The move is part of the agency's STRIDES initiative, which gives researchers more access to cloud tools.
The National Institutes of Health is giving its researchers access to more commercial cloud computing technologies to speed up biomedical innovation.
NIH on Tuesday kicked off the Science and Technology Research Infrastructure for Discovery, Experimentation and Sustainability Initiative, or STRIDES, which establishes new partnerships aimed at bringing researchers advanced cloud services and tools.
The high-powered analytics tools provided through the program would reduce the time and cost it takes to crunch massive biomedical data sets, which could ultimately lead teams to make more medical breakthroughs, NIH said in the program announcement. The program will initially focus on making “high-value” data sets accessible through the cloud and adopting data-centric machine learning and artificial intelligence applications.
“NIH is in a unique position to bring together academic and innovation industry partners to create a biomedical data ecosystem that maximizes the use of NIH-supported biomedical research data for the greatest benefit to human health,” said NIH Principal Deputy Director Dr. Lawrence Tabak, who also serves as the agency’s interim associate director for data science. “The STRIDES Initiative aims to maximize the number of researchers working to provide the greatest number of solutions to advancing health and reducing the burden of disease.”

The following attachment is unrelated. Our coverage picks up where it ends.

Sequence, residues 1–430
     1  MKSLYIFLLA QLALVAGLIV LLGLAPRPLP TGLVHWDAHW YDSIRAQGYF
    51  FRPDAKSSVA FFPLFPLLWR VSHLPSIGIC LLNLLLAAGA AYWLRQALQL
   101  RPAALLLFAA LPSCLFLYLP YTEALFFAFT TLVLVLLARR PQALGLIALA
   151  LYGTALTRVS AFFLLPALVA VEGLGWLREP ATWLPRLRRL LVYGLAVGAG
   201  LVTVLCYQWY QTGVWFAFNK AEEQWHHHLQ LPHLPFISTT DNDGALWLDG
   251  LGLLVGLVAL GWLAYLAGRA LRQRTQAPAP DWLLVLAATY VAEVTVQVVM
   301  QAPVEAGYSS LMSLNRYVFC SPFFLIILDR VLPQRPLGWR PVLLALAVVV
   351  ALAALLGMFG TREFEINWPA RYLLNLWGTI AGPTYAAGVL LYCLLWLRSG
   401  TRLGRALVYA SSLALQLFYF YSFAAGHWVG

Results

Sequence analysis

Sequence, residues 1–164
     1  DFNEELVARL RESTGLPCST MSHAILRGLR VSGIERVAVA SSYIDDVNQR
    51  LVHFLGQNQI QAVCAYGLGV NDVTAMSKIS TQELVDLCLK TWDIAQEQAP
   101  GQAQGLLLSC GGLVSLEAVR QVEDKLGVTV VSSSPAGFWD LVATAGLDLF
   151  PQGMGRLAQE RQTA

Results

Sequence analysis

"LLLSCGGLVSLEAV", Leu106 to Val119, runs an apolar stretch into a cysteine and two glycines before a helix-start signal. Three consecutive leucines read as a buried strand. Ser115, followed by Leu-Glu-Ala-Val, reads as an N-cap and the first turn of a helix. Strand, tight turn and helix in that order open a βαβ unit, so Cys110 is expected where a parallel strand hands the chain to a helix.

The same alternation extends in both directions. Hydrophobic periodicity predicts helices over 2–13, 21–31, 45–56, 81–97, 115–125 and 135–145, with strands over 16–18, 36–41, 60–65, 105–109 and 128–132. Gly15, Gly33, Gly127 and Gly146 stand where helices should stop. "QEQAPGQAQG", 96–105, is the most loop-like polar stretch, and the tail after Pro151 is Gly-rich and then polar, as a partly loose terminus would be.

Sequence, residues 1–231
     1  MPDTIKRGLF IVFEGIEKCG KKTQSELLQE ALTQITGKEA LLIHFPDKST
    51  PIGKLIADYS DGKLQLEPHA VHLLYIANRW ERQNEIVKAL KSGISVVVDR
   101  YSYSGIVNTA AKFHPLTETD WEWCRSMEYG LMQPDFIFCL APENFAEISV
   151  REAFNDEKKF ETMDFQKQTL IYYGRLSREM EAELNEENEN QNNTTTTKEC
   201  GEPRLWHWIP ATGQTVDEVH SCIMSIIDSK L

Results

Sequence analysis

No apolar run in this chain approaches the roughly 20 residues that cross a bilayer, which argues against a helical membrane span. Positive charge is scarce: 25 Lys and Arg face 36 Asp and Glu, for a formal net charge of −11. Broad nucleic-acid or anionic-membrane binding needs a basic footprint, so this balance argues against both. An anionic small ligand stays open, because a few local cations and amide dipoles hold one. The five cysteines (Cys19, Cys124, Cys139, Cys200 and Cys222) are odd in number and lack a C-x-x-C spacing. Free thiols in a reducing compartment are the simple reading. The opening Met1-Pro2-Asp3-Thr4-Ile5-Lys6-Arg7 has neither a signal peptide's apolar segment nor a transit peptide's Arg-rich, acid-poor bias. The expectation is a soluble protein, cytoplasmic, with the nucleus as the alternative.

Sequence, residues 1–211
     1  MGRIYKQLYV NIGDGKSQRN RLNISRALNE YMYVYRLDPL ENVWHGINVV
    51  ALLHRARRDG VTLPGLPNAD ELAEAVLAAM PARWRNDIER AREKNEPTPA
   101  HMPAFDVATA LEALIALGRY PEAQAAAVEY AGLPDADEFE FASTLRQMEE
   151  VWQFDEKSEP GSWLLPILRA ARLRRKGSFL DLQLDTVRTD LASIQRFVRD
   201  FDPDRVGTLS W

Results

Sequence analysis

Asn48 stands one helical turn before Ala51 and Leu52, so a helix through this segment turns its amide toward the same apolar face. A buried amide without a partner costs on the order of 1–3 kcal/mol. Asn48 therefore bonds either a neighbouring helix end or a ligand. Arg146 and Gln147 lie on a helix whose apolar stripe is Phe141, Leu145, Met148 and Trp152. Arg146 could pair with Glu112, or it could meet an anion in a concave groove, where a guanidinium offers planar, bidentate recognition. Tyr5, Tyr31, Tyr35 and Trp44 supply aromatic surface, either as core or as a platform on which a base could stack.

NIH officials selected Google Cloud as the first industry partner. Through STRIDES, the company will open its cloud storage, computing and machine learning technologies to researchers at NIH and more than 2,500 institutions that receive federal funds. Google Cloud will also collaborate frequently with NIH Data Commons, a program focused on developing tools to share biomedical data in the cloud.
The announcement comes weeks after NIH published a strategic plan for data science, which details the agency’s efforts to reorganize its vast troves of information, increase employees’ data prowess and increase access to analytics tools more broadly.
The Health and Human Services Department, NIH’s parent agency, is also working to break down information silos across its various subcomponents and investing heavily in data analytics. The initiatives are sparking innovative research while also revolutionizing the way the agency fights insurance fraud and opioid abuse.
“This is really a long-term strategy for the department,” HHS Chief Data Officer Mona Siddiqui told Nextgov. “Transforming a large organization into one that uses data in how it operates and leverages data as an asset is not really a six-month or a two-year journey. It’s really about a 15- to 20-year commitment.”